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‘No One Can Take Away My Degree’

For young Humberto Marquez, dedicating himself to his studies meant he could get away from the bullying he received in school.

“I invested a lot of time in books,” the studious Marquez recalled.

It’s a feeling shared by many a bookworm, but for him the story is a little different.

Now in his 20’s and a resounding success story of getting a post-secondary education as a DACA recipient, he parlayed those books into a dream, which now inspires him to perform community organizing for Arkansas United Community Coalition.

Many youngsters are bullied, but for Marquez the cause surely stung fiercely as a Hispanic kid stuck in rural, largely White Western Arkansas, the small city of Waldron nestled in the Ouachita Mountains near Fort Smith.

Born in Mexico, Marquez and his family first moved to Los Angeles, where they felt right at home, so much so he didn’t realize they’d immigrated. No culture shock was felt there, but the economic struggle was real.  So the promised land of Arkansas became the Marquez family’s new home, and that’s where the shock came and, along with it, opportunity.

Although unfamiliar with everything from the food to the English language, Humberto persevered even as he felt different from everyone else and gradually realized his undocumented status limited life’s options.

“I felt like the kid who did not look like the rest of the crowd,” Marquez remembers.

Humberto MarquezHumberto Marquez

But he applied himself, becoming an honors student by 4th or 5th grade. For him, those books became a defense mechanism of sorts, a way to achieve his dreams.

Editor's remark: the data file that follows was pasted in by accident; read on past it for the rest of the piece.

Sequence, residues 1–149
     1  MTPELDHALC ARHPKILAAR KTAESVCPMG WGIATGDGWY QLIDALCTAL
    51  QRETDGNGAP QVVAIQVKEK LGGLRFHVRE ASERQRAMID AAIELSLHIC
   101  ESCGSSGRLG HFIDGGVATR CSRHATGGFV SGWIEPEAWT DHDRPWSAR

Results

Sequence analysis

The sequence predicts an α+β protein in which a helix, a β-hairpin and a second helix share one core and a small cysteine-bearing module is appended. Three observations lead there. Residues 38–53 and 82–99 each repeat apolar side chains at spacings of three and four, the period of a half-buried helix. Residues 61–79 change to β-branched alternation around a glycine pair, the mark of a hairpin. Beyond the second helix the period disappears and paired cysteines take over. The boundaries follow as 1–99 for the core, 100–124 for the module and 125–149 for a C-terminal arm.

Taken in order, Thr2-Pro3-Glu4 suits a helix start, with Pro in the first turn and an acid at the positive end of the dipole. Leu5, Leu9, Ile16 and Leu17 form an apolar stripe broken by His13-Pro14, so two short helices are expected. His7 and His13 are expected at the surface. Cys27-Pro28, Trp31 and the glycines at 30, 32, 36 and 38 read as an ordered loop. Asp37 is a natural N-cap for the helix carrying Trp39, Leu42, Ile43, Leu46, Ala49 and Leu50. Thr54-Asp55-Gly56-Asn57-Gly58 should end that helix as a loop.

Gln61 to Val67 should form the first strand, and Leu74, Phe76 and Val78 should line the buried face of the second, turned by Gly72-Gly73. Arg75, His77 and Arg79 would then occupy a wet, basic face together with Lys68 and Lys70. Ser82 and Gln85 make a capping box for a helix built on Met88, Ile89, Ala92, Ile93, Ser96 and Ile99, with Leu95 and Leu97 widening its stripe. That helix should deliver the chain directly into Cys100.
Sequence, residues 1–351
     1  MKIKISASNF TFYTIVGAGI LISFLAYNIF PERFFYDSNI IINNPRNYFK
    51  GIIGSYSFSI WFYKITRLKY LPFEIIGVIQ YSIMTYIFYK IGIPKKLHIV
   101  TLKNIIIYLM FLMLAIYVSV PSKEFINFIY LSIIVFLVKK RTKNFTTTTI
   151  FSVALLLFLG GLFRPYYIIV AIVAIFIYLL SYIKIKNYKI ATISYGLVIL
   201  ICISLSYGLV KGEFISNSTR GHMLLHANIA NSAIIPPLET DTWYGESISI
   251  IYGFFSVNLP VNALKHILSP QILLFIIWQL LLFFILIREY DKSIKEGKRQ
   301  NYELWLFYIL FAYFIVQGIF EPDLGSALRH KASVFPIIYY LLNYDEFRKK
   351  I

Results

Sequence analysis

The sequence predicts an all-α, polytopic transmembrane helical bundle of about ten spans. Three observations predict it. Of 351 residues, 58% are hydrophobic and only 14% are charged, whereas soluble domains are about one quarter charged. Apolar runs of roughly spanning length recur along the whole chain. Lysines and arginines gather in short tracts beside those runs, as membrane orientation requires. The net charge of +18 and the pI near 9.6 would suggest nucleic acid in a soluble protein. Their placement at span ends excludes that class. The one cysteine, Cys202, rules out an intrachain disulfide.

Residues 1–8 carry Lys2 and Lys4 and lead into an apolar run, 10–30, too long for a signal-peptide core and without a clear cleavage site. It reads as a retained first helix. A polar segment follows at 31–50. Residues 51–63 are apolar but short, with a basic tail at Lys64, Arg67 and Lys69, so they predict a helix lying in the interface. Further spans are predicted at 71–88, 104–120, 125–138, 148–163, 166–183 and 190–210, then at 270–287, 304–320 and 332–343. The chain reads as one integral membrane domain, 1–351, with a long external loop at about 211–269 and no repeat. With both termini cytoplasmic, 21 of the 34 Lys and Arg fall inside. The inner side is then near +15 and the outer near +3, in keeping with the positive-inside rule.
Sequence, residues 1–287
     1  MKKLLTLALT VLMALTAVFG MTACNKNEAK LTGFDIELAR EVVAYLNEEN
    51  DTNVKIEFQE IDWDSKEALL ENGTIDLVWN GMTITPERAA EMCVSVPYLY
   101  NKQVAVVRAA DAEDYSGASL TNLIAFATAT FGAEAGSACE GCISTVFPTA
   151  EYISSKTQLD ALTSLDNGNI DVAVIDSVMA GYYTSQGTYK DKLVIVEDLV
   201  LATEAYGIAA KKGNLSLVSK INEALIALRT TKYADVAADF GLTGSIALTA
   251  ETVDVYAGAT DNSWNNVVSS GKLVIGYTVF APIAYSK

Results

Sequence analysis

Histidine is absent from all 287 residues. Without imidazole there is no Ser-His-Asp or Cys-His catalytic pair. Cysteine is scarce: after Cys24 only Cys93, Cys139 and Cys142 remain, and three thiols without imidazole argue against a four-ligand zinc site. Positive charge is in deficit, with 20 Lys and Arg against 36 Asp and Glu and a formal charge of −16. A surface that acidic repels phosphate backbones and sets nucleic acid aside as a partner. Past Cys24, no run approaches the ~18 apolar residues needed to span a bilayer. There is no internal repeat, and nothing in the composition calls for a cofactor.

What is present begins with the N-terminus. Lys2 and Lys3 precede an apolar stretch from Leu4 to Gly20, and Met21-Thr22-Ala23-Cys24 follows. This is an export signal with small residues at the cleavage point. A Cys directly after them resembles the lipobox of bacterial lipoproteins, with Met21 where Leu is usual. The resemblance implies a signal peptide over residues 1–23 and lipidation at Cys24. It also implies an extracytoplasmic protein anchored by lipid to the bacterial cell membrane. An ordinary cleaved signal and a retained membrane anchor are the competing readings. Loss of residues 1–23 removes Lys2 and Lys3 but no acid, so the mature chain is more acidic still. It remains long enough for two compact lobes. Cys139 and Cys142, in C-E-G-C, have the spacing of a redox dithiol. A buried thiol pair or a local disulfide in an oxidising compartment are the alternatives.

That’s how he puts it, years later, after earning his bachelor’s degree in international business from the University of Arkansas Fort Smith.

It’s an achievement gained where the usual obstacles were magnified as a result of the roadblocks that he and others maneuvered around as undocumented immigrants.

The DACA immigration policy was announced soon after his high school graduation, and for him it provided a world of difference. With DACA, he could work. Earning his first-ever paycheck helped him be mobile, more comfortable and work his way through school. It’s part of being a student that many may take for granted, but for him those paychecks were not easy to get.

For an undocumented immigrant like Marquez, a public school in Arkansas couldn’t offer in-state tuition, so the cost would be three times more than other students, he said. It was a grim realization to consider on high school graduation day. He estimates he paid 40 to 50 percent of his educational expenses out of his personal pocketbook, having been helped by contributions and even scholarships from people who wanted to support Dreamers like him.

Marquez earned college credit while in high school, another way he was able to achieve a degree, essentially entering UAFS as a sophomore. He maintained a strong G.P.A., stayed active at his university (competing in Phi Beta Lambda) and worked a part-time job at Chick-fil-A.

“It was my second year of college, I finally acquired my first car,” Marquez said, noting he put in extra work hours to steadily keep at his studies. He wanted to take a break, but he knew that would make it much more difficult to graduate. He went straight on through.